The Truth at What Should Be 40 Weeks

Throughout my experience of baby loss I have always strived to be honest. I have tried to share the physical and emotional affects my miscarriage has had on me; both in order to help prepare others who are experiencing what I did, and to let people who have experienced loss know that if they felt the way I do then they aren’t alone. I am very aware that this topic affects people differently, very aware that both physically and mentally miscarriage and baby loss affect people in so many different ways. All I can do is share my own experiences and my thoughts.

Being honest can be challenging, and I think I have skipped over some things because they are a little bit harder to say. I’ve tried to tell you the things that “they” don’t tell you, but truthfully there are some things that even I haven’t mentioned about my experience of baby loss.

This weekend would’ve been my due date, something I still have marked in my calendar as ’40 weeks’. I know that some people think I should be over it by now, I know that because they’ve said it to my face. But what happened has changed so many things for me, I don’t think getting “over it” is something that will ever happen.

It feels dishonest to post on Instagram and pretend we are a happy and healing family. To not tell you the whole truth about what this loss has done to me, and to us. To not mention the tension and the rows, the turmoil and the grief.

They don’t tell you how grief will affect you, or how it can drive the biggest wedge between two people who once loved each other so much. They don’t tell you how it will leave you questioning how people who supposedly care about you could treat you the way they do, how callous and awful some people will be. They don’t tell you how it can leave you crying into your pillow, weeks and months after the pain first began. How you can become someone you hardly recognise, how your relationship becomes something you never ever believed it would become.

They don’t tell you what it feels like, going from a happy and loving relationship, to one filled with resentment, tension and strain. They don’t tell you how difficult it will be as the actions of others begin to tear you both apart. To be unable to communicate, to understand or to empathise with each other without each conversation dissolving into another argument.

What it’s like to be someone desperate for their happy girlfriend back, or someone desperate for some understanding and some unconditional love.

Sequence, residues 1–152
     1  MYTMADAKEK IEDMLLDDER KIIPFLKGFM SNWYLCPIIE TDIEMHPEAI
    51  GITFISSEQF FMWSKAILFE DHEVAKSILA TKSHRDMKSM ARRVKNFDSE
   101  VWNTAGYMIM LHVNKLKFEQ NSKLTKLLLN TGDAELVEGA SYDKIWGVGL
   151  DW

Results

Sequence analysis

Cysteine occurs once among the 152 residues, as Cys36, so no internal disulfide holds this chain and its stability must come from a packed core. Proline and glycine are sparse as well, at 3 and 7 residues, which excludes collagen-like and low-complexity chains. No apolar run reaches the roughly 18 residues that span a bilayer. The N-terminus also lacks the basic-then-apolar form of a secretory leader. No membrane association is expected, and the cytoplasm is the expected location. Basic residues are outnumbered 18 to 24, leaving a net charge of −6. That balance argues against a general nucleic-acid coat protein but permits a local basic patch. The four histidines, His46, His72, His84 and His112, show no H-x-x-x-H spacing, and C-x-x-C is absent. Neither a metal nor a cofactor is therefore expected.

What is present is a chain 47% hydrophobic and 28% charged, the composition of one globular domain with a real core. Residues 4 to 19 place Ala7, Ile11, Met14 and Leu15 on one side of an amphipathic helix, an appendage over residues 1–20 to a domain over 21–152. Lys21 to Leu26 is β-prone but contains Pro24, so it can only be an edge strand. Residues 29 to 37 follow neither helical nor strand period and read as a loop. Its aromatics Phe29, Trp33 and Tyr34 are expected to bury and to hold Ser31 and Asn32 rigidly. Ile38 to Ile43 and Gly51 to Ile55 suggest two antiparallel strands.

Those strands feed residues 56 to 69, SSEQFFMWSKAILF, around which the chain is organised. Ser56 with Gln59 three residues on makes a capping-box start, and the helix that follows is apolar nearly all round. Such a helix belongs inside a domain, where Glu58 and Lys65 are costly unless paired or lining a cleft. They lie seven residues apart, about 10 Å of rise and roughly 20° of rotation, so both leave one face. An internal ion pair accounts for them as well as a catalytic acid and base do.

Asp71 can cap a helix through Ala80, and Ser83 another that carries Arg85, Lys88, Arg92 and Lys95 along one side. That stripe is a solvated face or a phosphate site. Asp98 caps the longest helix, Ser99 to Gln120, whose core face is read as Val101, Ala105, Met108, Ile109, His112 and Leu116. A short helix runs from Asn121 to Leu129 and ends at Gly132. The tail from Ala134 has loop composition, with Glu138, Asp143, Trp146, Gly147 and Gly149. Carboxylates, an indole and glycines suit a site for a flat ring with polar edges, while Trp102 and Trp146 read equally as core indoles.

The last few months have been rocky, they’ve been full of the cliched ups and downs. Each high has felt incredible, and each low has brought us straight back down to earth. My cycle and my hormones are still all over the place, making my moods worse and my emotions even more overwhelming.

There have been lots and lots of good times, beautiful memories of the simplest things. We’ve learnt to appreciate each other more, to appreciate each moment. But everything isn’t always as it seems. Sometimes I still feel that darkness and despair creeping in, and once it has I feel completely numb, like I can’t feel anything at all, and I forget again how being happy actually feels.

Grief is a process, a long and winding journey with no final destination in sight. It is, as someone so eloquently said on Instagram, love with no where to be released. It’s not something that ever really goes away but just something that life continues in spite of. It’s like a heavy burden and we just get used to carrying its weight. I feel like I have lost more than a baby, more than a pregnancy ended for me. I lost trust in the universe, in my own body, I lost confidence that it will all turn out okay. I lost faith in myself and a lot of people around me, and I lost all the innocence and ignorance that someone who’s only ever experienced a healthy pregnancy would usually face. Although time moves on and we adjust to what has happened, none of those things are ever coming back to me, and that is a really hard thing to accept.

One day things will be easier. Hopefully.

2 Comments

  1. 16th August 2018 / 5:05 pm

    I couldn’t have put it better myself! People just don’t seem to understand that miscarriage is so much more than the loss of a precious baby, not that that in itself isn’t absolutely devastating!

  2. Catherine
    17th August 2018 / 8:07 am

    I think often the first miscarriage is the worst because, like you say, you’ve lost that innocence. I’m really struggling this time though because we’re not trying again. It was an unplanned pregnancy and we were done. My husband is right now going to drop off the sample to check his vasectomy worked. I’d be 40 weeks next month, and it’s really preying on my mind. How different would life be if it hadn’t happened? I’m hoping once I’m past 40 weeks I’ll be ok, but we’ll see.

    But don’t you dare feel bad or guilty about your feelings. Or how it’s affecting others. They love you and they should be understanding. Ignore those who tell you to get over it, and keep talking to those who will listen.

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